January 19, 2014 at 1:00 am

Josh Katzenstein

Lions have a coach, but need more talent to push for playoffs next season

Rookie Ziggy Ansah (94) was one of a handful of new additions that bolstered the Lions' talent level this season. (Daniel Mears / Detroit News)

The Lions still have plenty of work to do.

They found their coach this week, hiring Jim Caldwell on Tuesday, but no matter what anybody thinks of the hire, Caldwell and his staff alone won’t make the Lions Super Bowl contenders in 2014.

If the Lions hope to reach the playoffs next season, general manager Martin Mayhew will need another superb offseason acquiring talent.

Throughout the search to replace Jim Schwartz, the narrative of the Lions having great talent became a popular way to describe the opening, but the truth is, the 2013 team had an average amount of talent compared to the rest of the NFL. And being average in 2013 is a credit to Mayhew because the Lions were certainly subpar when they finished 4-12 in 2012.

Running back Reggie Bush, safety Glover Quin, right guard Larry Warford, defensive end Ziggy Ansah, right tackle LaAdrian Waddle, punter Sam Martin and tight end Joseph Fauria all were acquired through free agency or the draft last season and directly led to three more wins this season.

If Mayhew has a similar haul this offseason, the Lions will, in theory, be prepared to make a playoff push, assuming the top two targets are a wide receiver and a cornerback. Signing star defensive tackle Ndamukong Suh to an extension is the only way to give the Lions enough cap space to make a splash in free agency, and president Tom Lewand saying this week there is mutual interest in that extension is a good sign for the Lions’ prospects in 2014 and beyond.

For as much time and effort as the front office put into the coaching search, it’s impossible to predict how Caldwell will do because hiring a head coach is always a crapshoot.

Talent fuels success

John Harbaugh was a special-teams coordinator before becoming the Ravens’ head coach, but Baltimore went to the playoffs in each of his first five seasons, including a Super Bowl victory last year. Mike Tomlin had one year of experience as a defensive coordinator before taking over as head coach in Pittsburgh, and the Steelers went to the playoffs his first year and won the Super Bowl in his second.

Bill Belichick and Pete Carroll were both fired from NFL head-coaching jobs, but they’ve had great success with the Patriots and Seahawks, respectively. John Fox went to one Super Bowl in Carolina, but was fired after a 2-14 finish in 2010. Now with the Broncos, Fox has won three straight AFC West titles.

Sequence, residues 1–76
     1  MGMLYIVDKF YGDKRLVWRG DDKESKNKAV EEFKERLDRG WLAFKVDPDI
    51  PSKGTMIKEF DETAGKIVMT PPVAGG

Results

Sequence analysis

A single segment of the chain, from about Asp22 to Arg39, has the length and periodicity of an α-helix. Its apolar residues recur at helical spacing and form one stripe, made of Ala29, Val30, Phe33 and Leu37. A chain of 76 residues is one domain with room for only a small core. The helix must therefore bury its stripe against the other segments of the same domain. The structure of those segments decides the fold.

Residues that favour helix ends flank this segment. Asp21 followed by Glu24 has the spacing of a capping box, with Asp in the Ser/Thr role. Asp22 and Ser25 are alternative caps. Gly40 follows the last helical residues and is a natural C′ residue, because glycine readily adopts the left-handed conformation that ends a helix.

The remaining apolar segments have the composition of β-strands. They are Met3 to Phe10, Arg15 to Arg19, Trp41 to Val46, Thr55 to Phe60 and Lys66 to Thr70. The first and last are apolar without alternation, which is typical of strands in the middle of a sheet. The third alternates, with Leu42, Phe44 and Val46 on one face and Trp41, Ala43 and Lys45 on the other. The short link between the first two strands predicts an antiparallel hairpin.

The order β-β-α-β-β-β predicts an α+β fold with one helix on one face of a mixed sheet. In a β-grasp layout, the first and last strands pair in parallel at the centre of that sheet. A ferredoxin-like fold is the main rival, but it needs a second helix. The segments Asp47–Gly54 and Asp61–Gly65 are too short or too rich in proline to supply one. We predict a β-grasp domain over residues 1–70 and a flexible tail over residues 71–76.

The list could go on, but the one constant with the successes of these coaches is that they had talented rosters. Mayhew can’t afford to swing and miss with free-agent acquisitions or early draft picks this offseason if he wants to give Caldwell a chance in his first season in Detroit.

Most teams in the league have enough talent to finish the season 8-8, and the Lions are right in the middle of that group. A few good breaks or excellent quarterback play is enough to push a team to the playoffs, which is what happened with the Lions in 2011. A few bad breaks or poor quarterback play is enough to push a team below .500, which was the Lions’ fate in 2013.

There are a handful of teams with above-average talent like the 49ers, Seahawks, Patriots and Broncos, who will play in their conference championships Sunday. These are teams that can overcome injuries to some of their top players because they have such an abundance of talent.

Let’s pretend for a second that the Lions’ 7-9 finish wasn’t all Schwartz’s fault — because, of course, it wasn’t — and examine some numbers from this season. The Lions finished 13th in points scored and 15th in points allowed, and in a league with 32 teams, that’s about as average as it gets.

They also finished tied for 29th with a minus-12 turnover differential, which was inevitably their downfall. Caldwell promised to reduce the turnovers, which will in theory lead to more points, but coaching only goes so far in preventing turnovers.

Giants coach Tom Coughlin has won two Super Bowls with Eli Manning as his quarterback, and it wasn’t his fault Manning threw 27 interceptions this season.

Stafford still growing

The main reason Lions fans should be optimistic for 2014 is that quarterback Matthew Stafford is still just 25, so he has room and time to grow — though Colts quarterback Andrew Luck is 24 and already significantly better in just his second season. Caldwell should be able to help Stafford become a smarter and more careful quarterback, which would immediately make the Lions a better team.

Stafford’s 2-27 record against teams that finished with a winning record speaks volumes about both him and the Lions. It shows that when the Lions played teams with either equal or superior talent they almost always failed, and some of that blame certainly fell on Schwartz.

A new coach and a new mind-set could help push the Lions over the hump, but another impressive offseason from Mayhew will give them a much better chance.